Imagine a campus where political debate is permanent. Where students receive half a dozen pamphlets to read with dinner and make up their mind on a variety of political issues. Where activist groups come in all shapes and forms, from right to left, from the centrist to the extremes – and all equally organised.
Millions of three wheeled, black and yellow, jacked-up mopeds buzz around Indians cities every day. Their two- stroke engines and distinctive colour schemes can provide solace to a stricken tourist but what are these strange vehicles that have become such an icon of many Eastern countries?
Going to India for the first time can be magical, challenging, overwhelming all at once. Even though there is not greater insight than meeting new people and experiencing the country itself, reading a book or two prior to the trip can prove a valuable asset in understanding the culture.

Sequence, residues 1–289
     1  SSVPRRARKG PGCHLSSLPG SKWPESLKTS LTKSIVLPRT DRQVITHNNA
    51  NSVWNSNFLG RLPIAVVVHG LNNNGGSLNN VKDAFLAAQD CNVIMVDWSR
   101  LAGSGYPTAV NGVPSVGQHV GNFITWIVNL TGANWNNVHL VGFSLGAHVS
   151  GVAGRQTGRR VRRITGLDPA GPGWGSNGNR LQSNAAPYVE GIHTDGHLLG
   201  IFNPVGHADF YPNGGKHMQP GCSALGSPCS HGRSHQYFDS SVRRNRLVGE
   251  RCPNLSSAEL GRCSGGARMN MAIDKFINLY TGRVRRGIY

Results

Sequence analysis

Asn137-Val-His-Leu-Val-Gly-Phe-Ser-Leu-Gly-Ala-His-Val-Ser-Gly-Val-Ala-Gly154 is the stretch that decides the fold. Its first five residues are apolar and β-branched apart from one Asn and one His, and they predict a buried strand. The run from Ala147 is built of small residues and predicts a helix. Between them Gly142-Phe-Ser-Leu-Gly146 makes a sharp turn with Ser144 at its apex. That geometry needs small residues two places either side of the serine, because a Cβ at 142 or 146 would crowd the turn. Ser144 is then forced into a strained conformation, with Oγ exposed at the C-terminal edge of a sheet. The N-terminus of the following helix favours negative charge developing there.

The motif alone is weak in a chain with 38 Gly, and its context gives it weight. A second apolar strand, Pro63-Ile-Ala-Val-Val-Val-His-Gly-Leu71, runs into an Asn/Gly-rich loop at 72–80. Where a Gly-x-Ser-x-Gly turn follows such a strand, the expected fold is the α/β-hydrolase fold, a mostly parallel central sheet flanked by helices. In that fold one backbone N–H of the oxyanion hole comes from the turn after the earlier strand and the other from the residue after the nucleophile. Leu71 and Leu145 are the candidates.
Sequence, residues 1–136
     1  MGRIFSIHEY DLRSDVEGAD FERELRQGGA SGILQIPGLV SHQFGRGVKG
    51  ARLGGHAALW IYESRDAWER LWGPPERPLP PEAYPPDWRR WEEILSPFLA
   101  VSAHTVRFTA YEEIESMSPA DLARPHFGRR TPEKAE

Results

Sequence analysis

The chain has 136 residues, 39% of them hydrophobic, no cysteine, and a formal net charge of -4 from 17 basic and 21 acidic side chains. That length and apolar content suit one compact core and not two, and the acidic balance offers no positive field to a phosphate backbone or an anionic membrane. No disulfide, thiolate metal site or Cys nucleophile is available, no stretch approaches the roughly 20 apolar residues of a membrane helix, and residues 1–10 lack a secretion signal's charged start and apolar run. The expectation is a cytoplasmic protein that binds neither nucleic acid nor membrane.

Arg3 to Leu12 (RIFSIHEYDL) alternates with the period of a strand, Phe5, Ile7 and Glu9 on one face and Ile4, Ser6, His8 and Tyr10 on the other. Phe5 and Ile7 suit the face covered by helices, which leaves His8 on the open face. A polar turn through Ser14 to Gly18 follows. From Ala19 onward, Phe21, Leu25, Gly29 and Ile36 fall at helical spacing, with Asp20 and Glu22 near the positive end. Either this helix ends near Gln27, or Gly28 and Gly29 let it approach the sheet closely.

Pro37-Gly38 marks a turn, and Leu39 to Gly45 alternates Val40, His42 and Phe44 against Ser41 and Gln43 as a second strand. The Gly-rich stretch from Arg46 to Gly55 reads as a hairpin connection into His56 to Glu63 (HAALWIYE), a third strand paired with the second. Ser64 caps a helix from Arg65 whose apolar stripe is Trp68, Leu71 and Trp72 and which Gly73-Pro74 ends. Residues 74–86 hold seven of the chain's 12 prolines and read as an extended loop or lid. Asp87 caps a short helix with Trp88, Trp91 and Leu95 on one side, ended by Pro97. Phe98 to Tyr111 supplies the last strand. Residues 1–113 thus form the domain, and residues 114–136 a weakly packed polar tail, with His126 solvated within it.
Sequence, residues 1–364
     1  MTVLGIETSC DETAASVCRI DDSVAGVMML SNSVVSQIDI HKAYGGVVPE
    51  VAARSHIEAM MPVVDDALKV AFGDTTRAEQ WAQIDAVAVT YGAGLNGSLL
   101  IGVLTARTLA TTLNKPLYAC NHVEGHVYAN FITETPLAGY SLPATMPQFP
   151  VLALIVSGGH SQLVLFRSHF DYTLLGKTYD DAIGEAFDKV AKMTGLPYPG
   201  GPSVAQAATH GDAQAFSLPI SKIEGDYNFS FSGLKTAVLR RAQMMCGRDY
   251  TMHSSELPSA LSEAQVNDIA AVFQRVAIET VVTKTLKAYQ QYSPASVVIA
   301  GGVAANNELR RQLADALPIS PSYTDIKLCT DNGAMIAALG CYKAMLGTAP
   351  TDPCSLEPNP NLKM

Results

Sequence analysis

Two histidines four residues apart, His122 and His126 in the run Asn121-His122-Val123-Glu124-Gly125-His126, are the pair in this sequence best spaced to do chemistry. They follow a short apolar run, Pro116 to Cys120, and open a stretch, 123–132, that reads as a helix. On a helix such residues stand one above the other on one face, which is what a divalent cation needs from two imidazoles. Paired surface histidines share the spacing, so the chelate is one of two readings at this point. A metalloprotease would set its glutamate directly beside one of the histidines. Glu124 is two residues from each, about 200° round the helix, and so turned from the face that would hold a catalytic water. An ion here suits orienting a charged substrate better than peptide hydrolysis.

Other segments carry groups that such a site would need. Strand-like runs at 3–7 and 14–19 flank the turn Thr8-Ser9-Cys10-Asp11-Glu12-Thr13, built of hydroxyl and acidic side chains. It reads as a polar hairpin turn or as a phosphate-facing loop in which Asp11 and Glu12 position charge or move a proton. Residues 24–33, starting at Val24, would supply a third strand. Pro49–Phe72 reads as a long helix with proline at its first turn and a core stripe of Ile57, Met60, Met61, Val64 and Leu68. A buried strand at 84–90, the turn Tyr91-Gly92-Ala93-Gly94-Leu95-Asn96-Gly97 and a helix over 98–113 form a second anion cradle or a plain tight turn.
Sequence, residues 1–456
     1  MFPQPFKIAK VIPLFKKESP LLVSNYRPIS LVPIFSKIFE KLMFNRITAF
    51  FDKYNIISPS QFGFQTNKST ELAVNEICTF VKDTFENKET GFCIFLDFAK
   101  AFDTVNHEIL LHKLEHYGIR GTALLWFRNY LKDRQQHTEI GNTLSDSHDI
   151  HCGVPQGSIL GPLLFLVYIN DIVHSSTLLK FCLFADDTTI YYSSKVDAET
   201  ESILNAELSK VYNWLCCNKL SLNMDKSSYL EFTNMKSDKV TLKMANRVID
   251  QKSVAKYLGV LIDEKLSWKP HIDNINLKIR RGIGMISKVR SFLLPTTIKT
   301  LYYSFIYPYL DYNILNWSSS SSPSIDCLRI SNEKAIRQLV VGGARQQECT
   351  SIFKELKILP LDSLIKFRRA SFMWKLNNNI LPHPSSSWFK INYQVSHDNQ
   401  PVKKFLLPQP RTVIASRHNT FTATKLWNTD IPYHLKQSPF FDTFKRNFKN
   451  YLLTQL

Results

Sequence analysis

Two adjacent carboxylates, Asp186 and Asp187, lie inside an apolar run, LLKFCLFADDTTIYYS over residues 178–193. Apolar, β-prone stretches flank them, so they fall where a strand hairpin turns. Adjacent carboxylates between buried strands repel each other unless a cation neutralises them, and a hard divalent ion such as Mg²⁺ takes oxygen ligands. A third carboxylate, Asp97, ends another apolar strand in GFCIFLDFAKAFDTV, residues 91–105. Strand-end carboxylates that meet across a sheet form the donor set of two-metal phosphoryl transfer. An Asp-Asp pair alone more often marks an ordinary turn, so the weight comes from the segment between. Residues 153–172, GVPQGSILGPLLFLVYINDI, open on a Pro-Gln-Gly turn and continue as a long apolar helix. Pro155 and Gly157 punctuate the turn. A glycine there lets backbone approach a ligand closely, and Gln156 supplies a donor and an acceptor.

From the moment we are born to the moment we draw our last breathe, society puts us into categories and slaps labels on us. We are given names, nationalities and norms to which we should adhere to.
Last night in Pune, I found out my Pune trip was definitely incomplete. Two weeks was not enough for us to explore this city, so as to explore India as a country. Our major expected outcomes were the overall experience to places and people with their colorful culture here
Going out in Pune is an amazing experience, from the people you meet, the stories you share, the drinks and the whole vibe. The first time I went out in Pune, I visited a bar called High Spirits, it is popular with the students from Symbiosis International University.
Over the past two weeks I have met some incredible people and seen some incredible things. But as was noted in my first blog post, it is difficult not to feel frustrated by the inequality and hierarchal structure deeply ingrained in Indian culture.